Conflicting evidence exists on the effects of hyperbaric oxygen therapy (HBOT) in the treatment of chronic ischemic leg ulcers. The aim of this trial was to investigate whether additional HBOT would benefit patients with diabetes and ischemic leg ulcers.
Patients with diabetes with an ischemic wound (n = 120) were randomized to standard care (SC) without or with HBOT (SC+HBOT). Primary outcomes were limb salvage and wound healing after 12 months, as well as time to wound healing. Other end points were amputation-free survival (AFS) and mortality.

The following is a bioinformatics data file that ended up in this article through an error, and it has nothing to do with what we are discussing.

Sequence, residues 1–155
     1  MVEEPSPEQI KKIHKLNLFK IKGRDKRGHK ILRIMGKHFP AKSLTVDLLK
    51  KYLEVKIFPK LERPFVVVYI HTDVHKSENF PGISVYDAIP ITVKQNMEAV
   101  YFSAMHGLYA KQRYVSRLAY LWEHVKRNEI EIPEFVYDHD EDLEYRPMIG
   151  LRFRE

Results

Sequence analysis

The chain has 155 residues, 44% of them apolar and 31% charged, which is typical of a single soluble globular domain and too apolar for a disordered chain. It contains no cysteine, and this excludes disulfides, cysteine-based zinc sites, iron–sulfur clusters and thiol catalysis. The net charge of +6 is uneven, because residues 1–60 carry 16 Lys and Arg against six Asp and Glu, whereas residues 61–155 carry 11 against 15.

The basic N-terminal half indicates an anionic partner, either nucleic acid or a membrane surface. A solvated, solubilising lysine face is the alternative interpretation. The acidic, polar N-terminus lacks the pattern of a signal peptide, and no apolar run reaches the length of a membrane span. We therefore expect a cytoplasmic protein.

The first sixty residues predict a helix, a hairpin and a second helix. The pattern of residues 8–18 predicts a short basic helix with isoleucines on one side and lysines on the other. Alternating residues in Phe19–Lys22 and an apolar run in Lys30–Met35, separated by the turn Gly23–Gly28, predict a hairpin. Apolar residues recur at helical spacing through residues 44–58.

Both groups contained 60 patients. Limb salvage was achieved in 47 patients in the SC group vs. 53 patients in the SC+HBOT group (risk difference [RD] 10% [95% CI –4 to 23]). After 12 months, 28 index wounds were healed in the SC group vs. 30 in the SC+HBOT group (RD 3% [95% CI –14 to 21]). AFS was achieved in 41 patients in the SC group and 49 patients in the SC+HBOT group (RD 13% [95% CI –2 to 28]). In the SC+HBOT group, 21 patients (35%) were unable to complete the HBOT protocol as planned. Those who did had significantly fewer major amputations and higher AFS (RD for AFS 26% [95% CI 10–38]).
Additional HBOT did not significantly improve complete wound healing or limb salvage in patients with diabetes and lower-limb ischemia.